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Q:

You've been outspoken about your thyroid cancer battle and the importance of getting checkups, even if you seem to be in good health. Looking back, were there symptoms you just weren't taking seriously?

A:

I think the symptom that I wasn't taking seriously was a lack of energy. I was replacing my lack of natural energy with caffeine and energy drinks. What I should have been doing—and what I eventually did—was ask “why?”

I would think: I’m tired. But I go hard! No problem, I’ll just make sure I get eight hours of sleep. OK, now, after I keep getting eight hours, I still don't feel more energetic—what's wrong? Is it my nutrition? Is it my blood sugar? I've got to keep asking why until I know why.

That's what entrepreneurs do every day. We ask why all the time in our businesses: Why aren't sales as high as they were before? Why does our inventory cost so much? But what we don't ask “why” about is our own health.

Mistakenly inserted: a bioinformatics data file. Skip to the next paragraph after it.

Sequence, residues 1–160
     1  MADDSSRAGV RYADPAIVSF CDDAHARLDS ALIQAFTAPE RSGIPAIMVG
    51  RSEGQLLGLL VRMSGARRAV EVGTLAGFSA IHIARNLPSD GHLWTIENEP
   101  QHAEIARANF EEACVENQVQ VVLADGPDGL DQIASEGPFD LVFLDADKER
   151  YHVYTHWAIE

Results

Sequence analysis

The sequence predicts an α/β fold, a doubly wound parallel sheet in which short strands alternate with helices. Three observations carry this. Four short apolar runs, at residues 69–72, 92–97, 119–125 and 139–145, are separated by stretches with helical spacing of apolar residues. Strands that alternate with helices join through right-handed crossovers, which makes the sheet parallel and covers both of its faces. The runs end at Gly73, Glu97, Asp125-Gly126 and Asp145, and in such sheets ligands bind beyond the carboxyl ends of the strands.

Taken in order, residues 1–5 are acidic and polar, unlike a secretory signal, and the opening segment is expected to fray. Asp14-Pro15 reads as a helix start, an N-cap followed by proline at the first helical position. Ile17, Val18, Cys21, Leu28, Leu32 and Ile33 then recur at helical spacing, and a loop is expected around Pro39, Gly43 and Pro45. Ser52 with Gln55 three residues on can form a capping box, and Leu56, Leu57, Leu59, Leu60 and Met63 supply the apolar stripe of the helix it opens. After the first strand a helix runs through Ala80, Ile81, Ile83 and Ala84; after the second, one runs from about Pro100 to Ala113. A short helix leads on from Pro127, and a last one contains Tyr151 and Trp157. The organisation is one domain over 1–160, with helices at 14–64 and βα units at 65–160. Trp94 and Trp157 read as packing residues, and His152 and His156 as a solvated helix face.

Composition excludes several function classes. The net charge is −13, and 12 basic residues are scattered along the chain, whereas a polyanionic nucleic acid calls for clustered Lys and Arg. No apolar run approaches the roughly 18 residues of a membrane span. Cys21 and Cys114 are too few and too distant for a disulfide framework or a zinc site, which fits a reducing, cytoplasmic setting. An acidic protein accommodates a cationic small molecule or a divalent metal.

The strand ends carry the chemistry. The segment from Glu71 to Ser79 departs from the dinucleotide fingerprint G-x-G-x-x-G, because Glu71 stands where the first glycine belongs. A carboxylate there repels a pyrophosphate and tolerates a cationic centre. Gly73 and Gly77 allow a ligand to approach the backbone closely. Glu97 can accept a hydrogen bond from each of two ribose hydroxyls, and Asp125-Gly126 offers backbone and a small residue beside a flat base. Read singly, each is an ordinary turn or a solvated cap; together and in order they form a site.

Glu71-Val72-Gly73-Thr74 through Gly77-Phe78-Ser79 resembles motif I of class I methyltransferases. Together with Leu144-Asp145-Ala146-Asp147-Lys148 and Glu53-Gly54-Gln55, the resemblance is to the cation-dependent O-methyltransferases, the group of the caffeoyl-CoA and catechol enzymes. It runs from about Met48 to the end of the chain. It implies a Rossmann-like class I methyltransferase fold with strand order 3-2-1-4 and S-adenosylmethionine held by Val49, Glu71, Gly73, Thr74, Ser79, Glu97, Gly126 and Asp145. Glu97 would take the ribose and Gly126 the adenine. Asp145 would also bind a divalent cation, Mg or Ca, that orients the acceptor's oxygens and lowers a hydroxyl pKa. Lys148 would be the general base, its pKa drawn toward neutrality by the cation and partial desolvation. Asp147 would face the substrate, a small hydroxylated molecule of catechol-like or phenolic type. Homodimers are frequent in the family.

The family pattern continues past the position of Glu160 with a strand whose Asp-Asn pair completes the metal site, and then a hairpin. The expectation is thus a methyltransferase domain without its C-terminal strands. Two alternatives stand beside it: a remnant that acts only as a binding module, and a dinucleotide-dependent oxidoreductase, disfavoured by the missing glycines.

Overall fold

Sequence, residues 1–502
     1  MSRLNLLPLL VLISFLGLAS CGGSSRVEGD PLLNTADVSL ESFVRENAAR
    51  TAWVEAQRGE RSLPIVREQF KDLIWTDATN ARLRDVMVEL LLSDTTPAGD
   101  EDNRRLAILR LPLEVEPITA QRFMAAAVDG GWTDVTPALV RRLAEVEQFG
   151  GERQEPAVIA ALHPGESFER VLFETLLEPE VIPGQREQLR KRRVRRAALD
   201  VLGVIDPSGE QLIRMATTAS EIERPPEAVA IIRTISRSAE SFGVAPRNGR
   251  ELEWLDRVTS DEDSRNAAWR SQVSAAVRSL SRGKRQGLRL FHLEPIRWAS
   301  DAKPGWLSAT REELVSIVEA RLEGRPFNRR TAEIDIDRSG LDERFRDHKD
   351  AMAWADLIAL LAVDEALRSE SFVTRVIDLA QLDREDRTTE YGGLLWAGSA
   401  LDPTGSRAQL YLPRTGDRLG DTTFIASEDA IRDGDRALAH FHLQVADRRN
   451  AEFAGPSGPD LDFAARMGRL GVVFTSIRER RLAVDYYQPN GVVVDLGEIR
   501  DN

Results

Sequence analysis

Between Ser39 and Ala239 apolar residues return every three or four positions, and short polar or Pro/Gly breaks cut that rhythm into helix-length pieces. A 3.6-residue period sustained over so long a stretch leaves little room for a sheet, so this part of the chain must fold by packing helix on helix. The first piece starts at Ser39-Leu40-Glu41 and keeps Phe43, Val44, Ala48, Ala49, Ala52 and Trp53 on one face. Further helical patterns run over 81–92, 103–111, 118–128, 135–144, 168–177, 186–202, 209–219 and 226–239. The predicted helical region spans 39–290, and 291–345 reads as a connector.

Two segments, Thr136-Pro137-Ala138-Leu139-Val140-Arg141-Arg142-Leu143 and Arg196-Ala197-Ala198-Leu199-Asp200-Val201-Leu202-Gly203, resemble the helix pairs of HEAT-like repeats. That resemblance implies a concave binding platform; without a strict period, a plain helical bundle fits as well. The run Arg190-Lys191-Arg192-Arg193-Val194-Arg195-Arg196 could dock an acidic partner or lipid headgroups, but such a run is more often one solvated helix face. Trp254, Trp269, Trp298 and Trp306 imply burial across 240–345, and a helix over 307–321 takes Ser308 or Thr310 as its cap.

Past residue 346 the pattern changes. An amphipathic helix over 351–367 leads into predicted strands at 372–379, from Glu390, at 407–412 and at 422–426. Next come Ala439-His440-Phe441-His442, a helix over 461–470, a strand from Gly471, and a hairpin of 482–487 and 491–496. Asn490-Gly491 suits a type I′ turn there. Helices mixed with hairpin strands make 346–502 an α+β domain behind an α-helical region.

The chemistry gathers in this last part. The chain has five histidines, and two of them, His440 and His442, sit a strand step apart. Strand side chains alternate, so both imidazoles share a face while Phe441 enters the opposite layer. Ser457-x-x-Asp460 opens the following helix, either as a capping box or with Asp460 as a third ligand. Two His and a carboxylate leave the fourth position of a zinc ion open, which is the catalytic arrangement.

How is it that we are so disciplined or eager to improve business that we ask “why,” but we don't do this exact thing when it comes to the most vital aspect of our life?

Q:

Statistically, men don't see their doctors nearly as regularly as women. Did your experience make you push any reluctant male friends and family to keep up with regular physicals?

A:

My experience made me push everybody. I didn't have to tell people about my diagnosis. I decided to go public to push every single person that will ever hear my voice toward taking their health more seriously.

Know what resources are out there. There is a lot of free testing available if you need it—for everything from your blood pressure to type 2 diabetes.